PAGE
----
On the second day we did a group practice.  We gathered our mats in a horseshoe around him, and then began doing yoga poses all together. Gradually, people began to reach their limits and stood to watch Raya perform with breathtaking ease. By the time the hour was up, he was the only one still going, dropping gracefully into Bridge pose from a handstand. No one there could help but be inspired.

Oh, and the Stories!

There was an element of the convention that happened spontaneously, facilitated by Raya, and his thirst to find out all he could about his teacher B. K. S. Iyengar or ‘Guruji’ as he called him (meaning ‘respected teacher’ in Hindi).

He asked all the Senior teachers to come up to the front during a break, and to tell their stories to those assembled. Gradually the entire convention had returned from their break and quietly joined to listen. By the end, we were all wiping our eyes, or laughing, united in our enjoyment of the story-telling.

The Yoga Practice

Conventions are different to any other time you’ll practice yoga just down to the sheer numbers of people all doing it at the same time.

This can cause problems due to the close proximity and sheer lack of space: trying not to smack anyone in the face, trying to follow the directions coming through a microphone from the front of a very large hall, boiling in the sunny patch in the room, freezing under the air-conditioning…

But the overall feeling is one of being part of a yoga community. Yoga can be quite a lonely activity. The real yoga happens at home on your mat, and it’s just you and your body. At a convention there are the communal grunts when being held in a pose for a long time, the collective gasps as we’re told to go into a difficult pose, the united sinking into peace and stillness at the end of the sessions.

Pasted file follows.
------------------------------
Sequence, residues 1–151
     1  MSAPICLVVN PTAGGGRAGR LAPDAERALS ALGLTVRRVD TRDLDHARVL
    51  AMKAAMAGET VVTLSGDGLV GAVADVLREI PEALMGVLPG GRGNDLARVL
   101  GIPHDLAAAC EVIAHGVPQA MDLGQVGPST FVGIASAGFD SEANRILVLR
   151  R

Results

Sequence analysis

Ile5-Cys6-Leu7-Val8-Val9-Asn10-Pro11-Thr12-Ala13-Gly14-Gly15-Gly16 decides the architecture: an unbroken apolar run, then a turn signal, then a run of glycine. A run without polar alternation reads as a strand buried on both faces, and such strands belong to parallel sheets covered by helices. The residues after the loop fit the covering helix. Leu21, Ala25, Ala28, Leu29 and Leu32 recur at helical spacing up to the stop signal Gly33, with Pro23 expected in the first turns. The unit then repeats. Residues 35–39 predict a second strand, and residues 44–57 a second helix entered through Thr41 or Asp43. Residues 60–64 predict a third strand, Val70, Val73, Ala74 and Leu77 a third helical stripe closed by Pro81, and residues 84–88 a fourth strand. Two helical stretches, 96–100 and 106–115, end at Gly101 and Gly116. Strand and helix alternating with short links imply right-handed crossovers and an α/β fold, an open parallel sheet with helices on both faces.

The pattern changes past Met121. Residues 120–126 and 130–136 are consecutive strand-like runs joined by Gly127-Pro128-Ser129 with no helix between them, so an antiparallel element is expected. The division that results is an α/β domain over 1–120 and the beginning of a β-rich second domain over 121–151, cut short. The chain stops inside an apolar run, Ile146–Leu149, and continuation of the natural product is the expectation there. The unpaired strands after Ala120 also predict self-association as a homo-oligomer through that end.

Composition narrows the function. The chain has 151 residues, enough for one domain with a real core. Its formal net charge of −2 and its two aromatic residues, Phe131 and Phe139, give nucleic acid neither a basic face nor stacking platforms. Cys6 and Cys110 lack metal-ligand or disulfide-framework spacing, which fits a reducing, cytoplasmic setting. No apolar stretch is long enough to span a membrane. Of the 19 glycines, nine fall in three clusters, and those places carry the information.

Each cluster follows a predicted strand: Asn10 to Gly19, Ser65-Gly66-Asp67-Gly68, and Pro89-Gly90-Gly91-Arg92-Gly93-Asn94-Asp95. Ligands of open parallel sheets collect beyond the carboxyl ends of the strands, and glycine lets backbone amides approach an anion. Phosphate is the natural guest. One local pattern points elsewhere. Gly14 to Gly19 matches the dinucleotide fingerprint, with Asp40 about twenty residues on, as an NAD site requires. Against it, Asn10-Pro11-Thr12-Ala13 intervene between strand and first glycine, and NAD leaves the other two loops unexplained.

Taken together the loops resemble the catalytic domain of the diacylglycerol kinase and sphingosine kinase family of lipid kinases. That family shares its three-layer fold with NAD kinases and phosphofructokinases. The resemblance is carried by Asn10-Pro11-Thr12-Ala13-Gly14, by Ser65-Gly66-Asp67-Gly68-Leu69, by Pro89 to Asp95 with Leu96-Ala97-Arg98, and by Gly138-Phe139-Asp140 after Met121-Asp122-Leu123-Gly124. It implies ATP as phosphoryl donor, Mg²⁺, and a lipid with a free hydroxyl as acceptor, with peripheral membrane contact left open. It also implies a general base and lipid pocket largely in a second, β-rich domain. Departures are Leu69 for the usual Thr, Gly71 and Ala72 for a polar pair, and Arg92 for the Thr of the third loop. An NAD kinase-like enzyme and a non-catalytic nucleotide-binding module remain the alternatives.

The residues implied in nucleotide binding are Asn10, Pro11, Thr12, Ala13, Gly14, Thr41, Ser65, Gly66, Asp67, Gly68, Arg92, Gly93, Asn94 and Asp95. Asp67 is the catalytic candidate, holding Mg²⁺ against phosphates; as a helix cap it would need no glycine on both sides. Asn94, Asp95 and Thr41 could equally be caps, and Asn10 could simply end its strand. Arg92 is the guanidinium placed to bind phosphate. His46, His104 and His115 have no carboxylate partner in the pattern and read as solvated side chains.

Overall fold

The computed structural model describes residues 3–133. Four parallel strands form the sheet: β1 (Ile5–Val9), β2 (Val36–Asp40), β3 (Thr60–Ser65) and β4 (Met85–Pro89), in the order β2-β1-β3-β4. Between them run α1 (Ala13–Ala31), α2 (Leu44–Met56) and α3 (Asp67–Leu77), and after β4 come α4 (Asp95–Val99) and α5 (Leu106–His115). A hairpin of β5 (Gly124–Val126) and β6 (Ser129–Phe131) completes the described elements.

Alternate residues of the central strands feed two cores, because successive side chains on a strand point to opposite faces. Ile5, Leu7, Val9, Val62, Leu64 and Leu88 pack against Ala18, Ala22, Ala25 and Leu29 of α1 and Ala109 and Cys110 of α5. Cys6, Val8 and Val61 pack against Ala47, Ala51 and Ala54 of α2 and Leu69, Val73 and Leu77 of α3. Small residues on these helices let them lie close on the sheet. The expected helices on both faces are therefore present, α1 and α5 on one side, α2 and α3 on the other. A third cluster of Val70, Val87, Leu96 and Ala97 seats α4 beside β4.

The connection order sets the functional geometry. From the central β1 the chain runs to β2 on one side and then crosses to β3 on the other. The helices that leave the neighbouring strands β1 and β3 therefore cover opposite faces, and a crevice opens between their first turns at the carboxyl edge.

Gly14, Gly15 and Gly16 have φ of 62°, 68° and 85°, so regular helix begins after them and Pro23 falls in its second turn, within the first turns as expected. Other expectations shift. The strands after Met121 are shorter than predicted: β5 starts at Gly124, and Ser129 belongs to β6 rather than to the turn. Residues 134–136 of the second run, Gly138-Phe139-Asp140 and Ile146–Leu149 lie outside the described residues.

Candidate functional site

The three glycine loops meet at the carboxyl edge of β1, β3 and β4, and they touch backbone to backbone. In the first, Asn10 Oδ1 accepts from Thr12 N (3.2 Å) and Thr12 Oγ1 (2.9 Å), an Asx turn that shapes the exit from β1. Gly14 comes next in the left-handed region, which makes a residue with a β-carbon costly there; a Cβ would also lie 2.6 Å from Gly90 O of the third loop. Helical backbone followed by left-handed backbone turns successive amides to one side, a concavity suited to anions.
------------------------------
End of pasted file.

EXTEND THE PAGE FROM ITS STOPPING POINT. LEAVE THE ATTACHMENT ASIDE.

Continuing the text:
The Special Bits

There were a couple of moments where the true meaning of yoga, ‘union’ became manifest.

As Raya was bringing us out of Savasana on the second day he said, “That’s it.”  We all slowly sat up. No one spoke. Over 400 people were still, no buzz, no chatter, no gathering of stuff. Raya had said it, ‘that’s it’ – or rather, ‘this is it’ — everyone in that hall was united in the quiet of the present moment.

The second moment was again felt through the quiet of Savasana, but the unity was expressed through word and song. At the very end of the convention Raya asked one of the Senior Teachers if she would read out the first two verses of the Atma Satkam, or Song of the Soul. He then sung them in Sanskrit:

“I am neither ego nor reason, I am neither mind not thought,
I cannot be heard nor cast into words, not by smell nor sight ever caught:
In light and wind I am not found, not yet in earth and sky –
Consciousness and joy incarnate, Bliss of the Blissful am I.”

The sound of those voices, one speaking in English, the other singing in Sanskrit, was a multi-dimensional unity merging cultures, time and space.

The After-Effects

By the time I got home I was literally spent. Mentally, physically and emotionally. This may be because it was my first ever convention and I didn’t pace myself well enough, or it might just be that six hours of yoga a day is exhausting!

However, the effect of being away from home, away from any other influences and being taught alongside so many other yogis was truly inspiring and has given me a real boost. I can’t wait till the next one.

See Also: Free Yoga Classes in London — Our Favourites